It was always there. It was palpable. The feeling in the room added pounds to the air–especially the energy coming from Emily. She was smart, meaning she could read and write fine, but I guess she just didn’t want the attention. I loved the attention, especially her attention, and I think I also liked that I was protecting her a bit. So when the Sunday school teacher asked for volunteers to read the bible verse, my hand shot up quickest and highest.
And I was good at reading out loud, too. It was easy for me to tell because it was such an inspect-able task. Either the words came out right, or they didn’t. Plus, my teacher said I read well. Add to that the fact that everyone knew that Dan Rather—national news man—had no accent and grew up in Kansas where my life was unfolding, and it seemed like fate.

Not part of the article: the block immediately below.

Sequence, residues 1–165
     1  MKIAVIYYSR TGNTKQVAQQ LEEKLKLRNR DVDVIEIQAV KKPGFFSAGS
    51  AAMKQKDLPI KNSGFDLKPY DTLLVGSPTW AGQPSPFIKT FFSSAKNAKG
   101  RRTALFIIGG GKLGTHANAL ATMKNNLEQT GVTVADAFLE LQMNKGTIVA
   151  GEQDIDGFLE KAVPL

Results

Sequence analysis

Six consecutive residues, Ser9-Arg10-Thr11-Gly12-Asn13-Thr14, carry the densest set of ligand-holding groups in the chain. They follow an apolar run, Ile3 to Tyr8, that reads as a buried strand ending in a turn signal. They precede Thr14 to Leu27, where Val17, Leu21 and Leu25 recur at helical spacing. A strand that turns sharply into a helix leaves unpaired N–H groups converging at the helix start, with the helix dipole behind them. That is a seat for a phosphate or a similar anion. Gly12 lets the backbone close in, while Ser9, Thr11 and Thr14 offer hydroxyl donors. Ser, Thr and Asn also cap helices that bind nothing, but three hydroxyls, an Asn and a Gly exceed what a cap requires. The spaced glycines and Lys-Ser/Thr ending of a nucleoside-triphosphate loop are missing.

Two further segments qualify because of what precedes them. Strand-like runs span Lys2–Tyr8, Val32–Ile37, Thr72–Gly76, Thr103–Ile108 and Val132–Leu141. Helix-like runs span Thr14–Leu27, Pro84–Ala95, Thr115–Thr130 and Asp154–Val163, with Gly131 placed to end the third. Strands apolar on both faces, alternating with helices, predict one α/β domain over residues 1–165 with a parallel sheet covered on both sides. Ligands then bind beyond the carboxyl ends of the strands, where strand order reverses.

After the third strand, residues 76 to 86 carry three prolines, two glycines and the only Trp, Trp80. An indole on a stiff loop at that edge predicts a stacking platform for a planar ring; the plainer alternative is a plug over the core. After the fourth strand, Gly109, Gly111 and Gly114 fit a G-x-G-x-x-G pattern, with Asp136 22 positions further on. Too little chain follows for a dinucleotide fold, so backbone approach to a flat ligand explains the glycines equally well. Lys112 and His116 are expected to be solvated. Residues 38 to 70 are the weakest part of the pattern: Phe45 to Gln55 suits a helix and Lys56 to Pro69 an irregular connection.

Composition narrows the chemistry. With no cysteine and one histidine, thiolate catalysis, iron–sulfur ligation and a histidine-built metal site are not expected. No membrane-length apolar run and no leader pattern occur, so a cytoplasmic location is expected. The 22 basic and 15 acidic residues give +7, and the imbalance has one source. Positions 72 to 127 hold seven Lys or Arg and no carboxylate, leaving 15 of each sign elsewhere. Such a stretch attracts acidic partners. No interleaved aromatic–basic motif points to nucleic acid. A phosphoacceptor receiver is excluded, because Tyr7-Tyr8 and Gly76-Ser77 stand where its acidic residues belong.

Clearly I had a gift.
This gift was mostly centered around reading out loud and participating in the churches youth activities when everyone else just wanted to chill out in the peanut gallery. Everyone else was only there because their parents were doing whatever the adults did at church.
So how does my able body affect my writing, you ask? Originating from a body with no physical limitations, my writing is at once full of hubris, and yet it’s been called endearing and humble.
For all I’ve achieved in life, and I’ve done great things, I can never escape the simple truth my life reveals with each passing day. As much as I love, as much as I grow, and as much as I laugh, I hurt people, I am unkind, I am inconsiderate, I am mean, and I lie. And I want to do these things.
(Okay, “as much” might be a bit strong.)